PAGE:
I got to achieve a lifetime goal in March - playing the timpani part in Beethoven's 5th Symphony in a electrifying performance with Marlborough Concert Orchestra. It's such a familiar piece to concert-goers, music-lovers, and the general public. I guess it's probably
one of the best known pieces in the classical repertoire. Even people who'd never go to an orchestral concert will recognise at least the opening.
It's only when playing it for the first time this month that I was really struck by Beethoven's rhythmic drive. The sheer energy and fury of the piece are overwhelming. I can only imagine what a Viennese audience 200 years ago made of this revolutionary work. Now the trouble with being a composer, is you always listen as a composer, so I found myself thinking "How does Beethoven do it? How does he build these huge structures from simple patterns?" It's definitely something I want to explore in more depth. Does the Beethovian, motivic approach even work in post-tonal music?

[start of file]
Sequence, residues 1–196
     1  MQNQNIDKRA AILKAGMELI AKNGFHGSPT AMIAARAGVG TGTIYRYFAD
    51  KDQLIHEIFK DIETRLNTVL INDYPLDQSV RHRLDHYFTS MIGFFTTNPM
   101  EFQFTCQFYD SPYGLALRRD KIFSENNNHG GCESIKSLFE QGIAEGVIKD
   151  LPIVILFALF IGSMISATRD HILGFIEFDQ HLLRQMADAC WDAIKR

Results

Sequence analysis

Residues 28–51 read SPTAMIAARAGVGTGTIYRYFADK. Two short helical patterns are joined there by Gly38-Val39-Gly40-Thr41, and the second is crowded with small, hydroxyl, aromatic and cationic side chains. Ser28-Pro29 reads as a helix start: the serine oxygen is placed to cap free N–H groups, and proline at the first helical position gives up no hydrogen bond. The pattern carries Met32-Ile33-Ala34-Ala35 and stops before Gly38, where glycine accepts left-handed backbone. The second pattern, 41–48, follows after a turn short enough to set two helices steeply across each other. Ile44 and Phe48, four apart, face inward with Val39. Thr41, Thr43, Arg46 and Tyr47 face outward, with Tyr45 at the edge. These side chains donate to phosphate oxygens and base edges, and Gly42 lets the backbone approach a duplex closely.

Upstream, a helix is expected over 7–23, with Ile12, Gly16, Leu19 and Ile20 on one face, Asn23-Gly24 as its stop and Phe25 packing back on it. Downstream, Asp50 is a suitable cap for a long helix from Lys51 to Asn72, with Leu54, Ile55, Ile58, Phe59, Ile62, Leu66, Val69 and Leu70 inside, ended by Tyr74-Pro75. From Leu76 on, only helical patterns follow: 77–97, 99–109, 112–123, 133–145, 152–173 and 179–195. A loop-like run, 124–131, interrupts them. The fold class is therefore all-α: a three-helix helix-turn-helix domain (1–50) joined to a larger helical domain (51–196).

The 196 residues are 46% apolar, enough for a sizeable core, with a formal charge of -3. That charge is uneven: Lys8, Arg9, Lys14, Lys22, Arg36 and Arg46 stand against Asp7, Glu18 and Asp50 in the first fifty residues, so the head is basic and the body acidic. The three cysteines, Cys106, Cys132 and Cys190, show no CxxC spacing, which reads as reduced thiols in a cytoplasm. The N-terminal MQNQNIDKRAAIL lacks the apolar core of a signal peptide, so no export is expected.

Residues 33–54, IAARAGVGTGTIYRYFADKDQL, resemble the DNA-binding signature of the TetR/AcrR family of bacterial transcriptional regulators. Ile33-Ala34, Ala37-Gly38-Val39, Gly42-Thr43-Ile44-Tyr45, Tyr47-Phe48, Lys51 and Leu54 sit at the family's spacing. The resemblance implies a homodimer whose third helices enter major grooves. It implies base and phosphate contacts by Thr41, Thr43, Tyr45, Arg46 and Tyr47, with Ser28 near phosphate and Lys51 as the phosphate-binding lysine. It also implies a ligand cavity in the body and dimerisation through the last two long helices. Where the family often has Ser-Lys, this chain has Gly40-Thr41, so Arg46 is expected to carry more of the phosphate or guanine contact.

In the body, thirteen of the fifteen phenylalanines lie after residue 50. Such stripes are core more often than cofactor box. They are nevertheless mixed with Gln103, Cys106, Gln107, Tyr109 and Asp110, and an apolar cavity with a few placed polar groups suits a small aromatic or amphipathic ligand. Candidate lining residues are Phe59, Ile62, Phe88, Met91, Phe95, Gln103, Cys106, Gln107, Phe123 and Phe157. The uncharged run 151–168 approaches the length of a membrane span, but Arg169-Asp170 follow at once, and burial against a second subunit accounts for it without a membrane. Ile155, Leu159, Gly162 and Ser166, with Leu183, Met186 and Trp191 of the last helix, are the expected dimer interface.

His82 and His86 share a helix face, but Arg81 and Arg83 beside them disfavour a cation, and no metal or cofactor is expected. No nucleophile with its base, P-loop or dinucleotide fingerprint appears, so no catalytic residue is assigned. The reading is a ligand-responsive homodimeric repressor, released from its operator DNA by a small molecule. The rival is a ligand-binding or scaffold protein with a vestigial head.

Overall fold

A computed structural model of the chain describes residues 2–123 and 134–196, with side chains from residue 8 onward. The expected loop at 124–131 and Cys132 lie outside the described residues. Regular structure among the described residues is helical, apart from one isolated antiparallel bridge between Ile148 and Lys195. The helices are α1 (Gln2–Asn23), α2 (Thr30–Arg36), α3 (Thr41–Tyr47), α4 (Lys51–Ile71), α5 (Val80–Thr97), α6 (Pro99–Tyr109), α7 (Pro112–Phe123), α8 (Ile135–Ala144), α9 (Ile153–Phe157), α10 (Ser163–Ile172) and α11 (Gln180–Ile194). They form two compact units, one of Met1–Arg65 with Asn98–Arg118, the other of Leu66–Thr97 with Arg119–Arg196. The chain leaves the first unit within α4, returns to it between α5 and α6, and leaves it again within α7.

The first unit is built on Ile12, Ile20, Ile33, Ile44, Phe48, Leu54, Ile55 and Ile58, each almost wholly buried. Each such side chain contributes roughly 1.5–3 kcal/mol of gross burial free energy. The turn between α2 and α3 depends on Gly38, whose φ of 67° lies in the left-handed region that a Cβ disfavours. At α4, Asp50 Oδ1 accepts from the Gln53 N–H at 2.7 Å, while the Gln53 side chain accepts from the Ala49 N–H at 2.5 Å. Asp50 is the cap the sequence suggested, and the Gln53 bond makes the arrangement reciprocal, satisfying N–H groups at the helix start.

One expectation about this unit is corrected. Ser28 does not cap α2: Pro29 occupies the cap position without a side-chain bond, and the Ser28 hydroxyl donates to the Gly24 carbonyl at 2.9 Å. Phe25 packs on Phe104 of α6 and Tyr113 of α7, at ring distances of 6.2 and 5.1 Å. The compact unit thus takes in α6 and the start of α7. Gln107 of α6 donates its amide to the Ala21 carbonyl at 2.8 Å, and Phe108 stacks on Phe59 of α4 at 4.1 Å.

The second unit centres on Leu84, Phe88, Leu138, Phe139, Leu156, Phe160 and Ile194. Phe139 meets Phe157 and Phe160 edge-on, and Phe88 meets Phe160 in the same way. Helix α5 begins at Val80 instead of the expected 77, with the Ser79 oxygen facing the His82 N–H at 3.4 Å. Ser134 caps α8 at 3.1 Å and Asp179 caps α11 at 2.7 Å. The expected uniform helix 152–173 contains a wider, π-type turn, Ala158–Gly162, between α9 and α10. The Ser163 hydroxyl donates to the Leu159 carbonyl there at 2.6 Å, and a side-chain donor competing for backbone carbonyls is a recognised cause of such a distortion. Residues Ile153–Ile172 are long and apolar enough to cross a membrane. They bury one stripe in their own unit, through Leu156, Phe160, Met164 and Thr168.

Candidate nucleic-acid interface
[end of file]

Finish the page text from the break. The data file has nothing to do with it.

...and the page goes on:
At the other end of the spectrum, it was great to have the opportunity to conduct the premiere of the flute choir arrangement of my choral piece "Da Pacem Domine" with Newbury Flute Choir. Their director, Benjamin Copeman, is such a supporter of new music, and of my music in particular. I was so honoured to be asked to direct the performance so Ben could play himself. Check out the video - I think the flautists did a fantastic job. Get in touch if your flute choir would like the music - happy to send you a file.
I can't forget to mention performing in the Royal Albert Hall with Berkshire Maestros, a lovely first engagement with the delightful North Wiltshire Symphony Orchestra, and a very erm, interesting, time at my first Brass Band Area Championships playing with Cold Ash Brass. What a lovely bunch, but what an arcane process!